For Boonville resident Linda Simmons, sending her youngest child to college this fall will be difficult. No amount of preparation or planning can change that. It’s going to be tough and she knows it.
“It will be quite an adjustment,” she said. “But, we’ll make it. You just have to stay strong.”
However, for Simmons, it’s more than seeing her children grow up. Last year, her husband Bob Simmons died, making the move her daughter, Lisa Simmons, will make to MU that much harder.
Drastic changes occurred in her life, but for 18-year-old Lisa Simmons, one thing has stayed constant. She loves softball.
She’s played since she was 5, and will be a member of the MU softball team in the fall. This weekend, she competed in the American Fastpitch Association’s Missouri State Tournament at Cosmopolitan Park in Columbia. The tournament included games for girls ages 10-18. The bracket-style event featured 83 teams, including the Missouri Rattlers, the summer team Simmons plays on.
Saturday, the Rattlers won their first two games of the tournament, 4-0 against the Black Ice team and 4-0 against Team Fusion. They play today at noon against Missouri Lightning at the Rainbow and Antimi Complex blue field.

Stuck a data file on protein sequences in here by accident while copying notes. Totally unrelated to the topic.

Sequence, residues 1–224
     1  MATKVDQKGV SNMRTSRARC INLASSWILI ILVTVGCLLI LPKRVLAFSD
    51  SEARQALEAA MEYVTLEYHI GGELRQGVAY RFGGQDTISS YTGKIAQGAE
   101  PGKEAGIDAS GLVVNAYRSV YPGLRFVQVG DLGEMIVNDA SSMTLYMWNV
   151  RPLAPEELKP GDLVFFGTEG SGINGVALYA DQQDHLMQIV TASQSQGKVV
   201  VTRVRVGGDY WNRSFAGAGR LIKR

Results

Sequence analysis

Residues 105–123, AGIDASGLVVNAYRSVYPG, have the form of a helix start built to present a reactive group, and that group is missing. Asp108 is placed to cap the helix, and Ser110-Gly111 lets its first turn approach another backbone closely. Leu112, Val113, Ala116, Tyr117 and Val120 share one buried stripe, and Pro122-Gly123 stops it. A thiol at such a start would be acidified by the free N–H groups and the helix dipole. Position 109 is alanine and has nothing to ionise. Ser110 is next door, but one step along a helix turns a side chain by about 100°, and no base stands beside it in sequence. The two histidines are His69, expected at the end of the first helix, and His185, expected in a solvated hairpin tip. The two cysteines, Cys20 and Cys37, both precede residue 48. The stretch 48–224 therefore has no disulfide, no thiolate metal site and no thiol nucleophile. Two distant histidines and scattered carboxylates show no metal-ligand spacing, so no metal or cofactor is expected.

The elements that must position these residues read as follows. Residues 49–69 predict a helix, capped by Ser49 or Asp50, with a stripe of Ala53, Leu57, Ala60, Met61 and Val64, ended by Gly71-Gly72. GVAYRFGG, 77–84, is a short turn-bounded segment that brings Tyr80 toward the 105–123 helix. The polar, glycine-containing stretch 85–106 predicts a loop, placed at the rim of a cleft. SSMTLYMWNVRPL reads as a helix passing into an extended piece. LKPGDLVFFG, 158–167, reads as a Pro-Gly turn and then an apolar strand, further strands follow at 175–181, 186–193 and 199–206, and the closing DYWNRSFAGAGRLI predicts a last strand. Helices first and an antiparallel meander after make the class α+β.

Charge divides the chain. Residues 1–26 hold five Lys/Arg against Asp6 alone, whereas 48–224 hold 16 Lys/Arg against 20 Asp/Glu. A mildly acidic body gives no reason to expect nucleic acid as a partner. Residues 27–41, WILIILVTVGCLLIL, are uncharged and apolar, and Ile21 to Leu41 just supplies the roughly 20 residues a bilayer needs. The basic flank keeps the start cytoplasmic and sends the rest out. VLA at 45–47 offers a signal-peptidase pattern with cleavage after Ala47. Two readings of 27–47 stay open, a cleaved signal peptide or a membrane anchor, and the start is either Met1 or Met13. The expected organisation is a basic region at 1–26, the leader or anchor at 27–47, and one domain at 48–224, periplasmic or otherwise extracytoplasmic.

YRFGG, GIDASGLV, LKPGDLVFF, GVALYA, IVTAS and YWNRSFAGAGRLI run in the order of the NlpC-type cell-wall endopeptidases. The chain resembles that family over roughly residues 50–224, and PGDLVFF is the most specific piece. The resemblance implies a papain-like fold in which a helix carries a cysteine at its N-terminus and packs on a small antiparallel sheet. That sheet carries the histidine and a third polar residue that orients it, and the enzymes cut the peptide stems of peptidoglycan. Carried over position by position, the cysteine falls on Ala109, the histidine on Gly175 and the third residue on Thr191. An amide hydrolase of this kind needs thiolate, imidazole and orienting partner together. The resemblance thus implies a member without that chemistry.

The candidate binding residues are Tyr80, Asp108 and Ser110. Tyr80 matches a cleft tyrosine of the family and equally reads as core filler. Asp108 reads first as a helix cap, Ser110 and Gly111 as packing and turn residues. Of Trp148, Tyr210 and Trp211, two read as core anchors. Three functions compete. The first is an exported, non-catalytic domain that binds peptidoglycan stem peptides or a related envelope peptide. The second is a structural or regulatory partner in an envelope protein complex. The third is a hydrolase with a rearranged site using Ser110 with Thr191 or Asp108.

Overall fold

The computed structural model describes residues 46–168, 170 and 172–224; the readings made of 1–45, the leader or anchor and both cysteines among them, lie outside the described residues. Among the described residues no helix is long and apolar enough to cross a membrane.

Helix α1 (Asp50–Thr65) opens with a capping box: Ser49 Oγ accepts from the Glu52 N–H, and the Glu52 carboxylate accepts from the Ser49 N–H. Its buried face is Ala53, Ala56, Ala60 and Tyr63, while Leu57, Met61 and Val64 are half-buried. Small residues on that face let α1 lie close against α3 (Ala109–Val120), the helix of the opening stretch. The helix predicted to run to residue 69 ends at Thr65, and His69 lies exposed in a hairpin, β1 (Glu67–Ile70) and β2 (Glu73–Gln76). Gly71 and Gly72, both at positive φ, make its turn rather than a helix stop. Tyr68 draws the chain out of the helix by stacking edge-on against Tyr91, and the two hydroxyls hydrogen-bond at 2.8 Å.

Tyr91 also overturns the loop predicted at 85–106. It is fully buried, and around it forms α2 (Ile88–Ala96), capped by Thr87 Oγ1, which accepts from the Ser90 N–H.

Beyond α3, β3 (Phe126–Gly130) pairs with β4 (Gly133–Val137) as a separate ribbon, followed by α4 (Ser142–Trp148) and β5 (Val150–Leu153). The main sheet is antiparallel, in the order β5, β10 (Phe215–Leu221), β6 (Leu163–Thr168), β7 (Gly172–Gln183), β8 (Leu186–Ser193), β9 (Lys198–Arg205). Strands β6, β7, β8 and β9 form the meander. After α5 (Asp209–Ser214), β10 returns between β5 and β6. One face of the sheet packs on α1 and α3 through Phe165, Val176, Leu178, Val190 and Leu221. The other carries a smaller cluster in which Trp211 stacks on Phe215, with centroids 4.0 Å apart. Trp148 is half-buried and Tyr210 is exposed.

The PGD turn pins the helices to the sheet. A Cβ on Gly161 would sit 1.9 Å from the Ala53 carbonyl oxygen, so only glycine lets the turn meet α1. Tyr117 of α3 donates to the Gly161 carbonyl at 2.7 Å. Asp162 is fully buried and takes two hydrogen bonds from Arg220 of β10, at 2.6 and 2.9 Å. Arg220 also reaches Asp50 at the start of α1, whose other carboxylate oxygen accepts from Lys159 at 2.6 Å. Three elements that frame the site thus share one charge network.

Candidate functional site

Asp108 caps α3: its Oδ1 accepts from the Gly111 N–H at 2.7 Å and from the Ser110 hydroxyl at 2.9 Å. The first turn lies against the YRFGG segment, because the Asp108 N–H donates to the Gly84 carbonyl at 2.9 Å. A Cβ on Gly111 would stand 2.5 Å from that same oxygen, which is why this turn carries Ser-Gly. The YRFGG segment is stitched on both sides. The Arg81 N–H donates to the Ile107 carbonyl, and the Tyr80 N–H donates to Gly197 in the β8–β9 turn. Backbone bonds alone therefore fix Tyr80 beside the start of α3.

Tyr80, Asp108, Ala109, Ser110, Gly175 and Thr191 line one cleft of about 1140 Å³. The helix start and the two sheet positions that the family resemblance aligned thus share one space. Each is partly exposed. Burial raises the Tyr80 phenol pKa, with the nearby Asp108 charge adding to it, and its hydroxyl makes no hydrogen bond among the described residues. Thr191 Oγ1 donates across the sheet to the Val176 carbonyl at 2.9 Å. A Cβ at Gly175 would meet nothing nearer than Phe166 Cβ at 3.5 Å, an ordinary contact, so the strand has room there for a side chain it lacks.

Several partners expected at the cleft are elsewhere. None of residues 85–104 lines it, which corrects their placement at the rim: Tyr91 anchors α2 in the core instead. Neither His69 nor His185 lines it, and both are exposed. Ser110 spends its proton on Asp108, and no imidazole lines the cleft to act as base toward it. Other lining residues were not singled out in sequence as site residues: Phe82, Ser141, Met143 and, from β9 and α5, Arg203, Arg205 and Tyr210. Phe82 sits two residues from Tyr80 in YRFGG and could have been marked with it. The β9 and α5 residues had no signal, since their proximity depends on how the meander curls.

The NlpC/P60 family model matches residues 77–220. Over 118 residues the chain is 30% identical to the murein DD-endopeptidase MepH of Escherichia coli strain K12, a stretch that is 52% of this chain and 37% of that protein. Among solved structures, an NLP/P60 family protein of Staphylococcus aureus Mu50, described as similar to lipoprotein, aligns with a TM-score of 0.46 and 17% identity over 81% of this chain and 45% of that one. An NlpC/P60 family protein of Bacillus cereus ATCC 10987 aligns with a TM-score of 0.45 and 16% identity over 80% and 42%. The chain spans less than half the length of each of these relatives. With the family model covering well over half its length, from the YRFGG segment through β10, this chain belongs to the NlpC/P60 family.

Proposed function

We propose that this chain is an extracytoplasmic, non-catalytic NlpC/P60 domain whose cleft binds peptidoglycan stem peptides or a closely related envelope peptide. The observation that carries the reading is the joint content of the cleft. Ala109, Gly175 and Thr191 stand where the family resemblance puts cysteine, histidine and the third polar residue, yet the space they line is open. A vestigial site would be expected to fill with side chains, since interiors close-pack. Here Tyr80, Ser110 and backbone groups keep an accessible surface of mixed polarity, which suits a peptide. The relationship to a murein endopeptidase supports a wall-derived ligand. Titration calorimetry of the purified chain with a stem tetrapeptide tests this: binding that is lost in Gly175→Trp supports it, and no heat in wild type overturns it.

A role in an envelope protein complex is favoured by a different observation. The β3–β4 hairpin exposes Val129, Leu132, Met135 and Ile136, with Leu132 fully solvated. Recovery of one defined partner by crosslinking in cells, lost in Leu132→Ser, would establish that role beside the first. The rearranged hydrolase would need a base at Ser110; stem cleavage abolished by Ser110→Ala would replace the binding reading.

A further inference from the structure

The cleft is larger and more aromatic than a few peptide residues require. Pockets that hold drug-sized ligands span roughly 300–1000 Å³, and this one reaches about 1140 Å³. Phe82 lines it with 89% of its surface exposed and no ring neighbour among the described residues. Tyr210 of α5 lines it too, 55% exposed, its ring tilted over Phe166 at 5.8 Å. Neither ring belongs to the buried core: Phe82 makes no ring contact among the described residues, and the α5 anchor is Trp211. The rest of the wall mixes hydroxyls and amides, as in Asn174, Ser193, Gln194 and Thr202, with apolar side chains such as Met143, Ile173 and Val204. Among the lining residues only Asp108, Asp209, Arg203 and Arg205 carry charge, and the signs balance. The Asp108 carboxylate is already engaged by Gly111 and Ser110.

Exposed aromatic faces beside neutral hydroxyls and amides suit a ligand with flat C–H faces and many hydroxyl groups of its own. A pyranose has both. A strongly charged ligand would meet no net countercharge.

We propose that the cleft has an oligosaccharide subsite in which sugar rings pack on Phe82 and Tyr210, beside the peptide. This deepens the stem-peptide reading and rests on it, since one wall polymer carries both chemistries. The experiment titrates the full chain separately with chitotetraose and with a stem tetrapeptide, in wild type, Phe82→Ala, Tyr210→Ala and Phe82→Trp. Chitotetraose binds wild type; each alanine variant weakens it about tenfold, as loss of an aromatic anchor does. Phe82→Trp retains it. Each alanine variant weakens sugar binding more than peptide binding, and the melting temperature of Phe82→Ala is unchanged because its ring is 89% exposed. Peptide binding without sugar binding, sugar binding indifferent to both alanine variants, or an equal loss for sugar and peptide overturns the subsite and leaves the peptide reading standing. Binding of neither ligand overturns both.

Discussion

Simmons committed to Missouri last July with then-head coach Ty Singleton. Now, the team is headed by Jefferson City native Ehren Earleywine. Simmons said this change did make her nervous, but after meeting with Earleywine, stuck with her initial choice.
All three incoming freshmen were given the option of backing out, according to Earleywine, but all three honored their commitments. Simmons’ bubbly and self-proclaimed goofy attitude are evident in her performance.
“Lisa’s a high energy player,” Earleywine said. “She brings the morale up. She really lights a fire when she plays.”
Living just 20 minutes away in Boonville, location also played a role in Simmons’ decision.
“I’d always hear, ‘Mizzou this and Mizzou that,’” she said. “(Playing at Mizzou) was really my No. 1 goal, and I accomplished that. I’d like to start playing my freshman year, but I’ll have to work really hard to do that. I just want to play.”
Her mother said softball will take on a new meaning when her daughter competes at MU.
“It took the whole family to get Lisa to where she is,” she said. “Her dad was a big influence in her life, and she’s been awful strong through the whole thing. He’d always say, ‘She’s good enough to play D-1 ball. She’s good enough to play at Mizzou.’”
And that’s just what Lisa Simmons will be doing this fall.
Wiping tears from her eyes, she said, “Hopefully he’s proud of me.”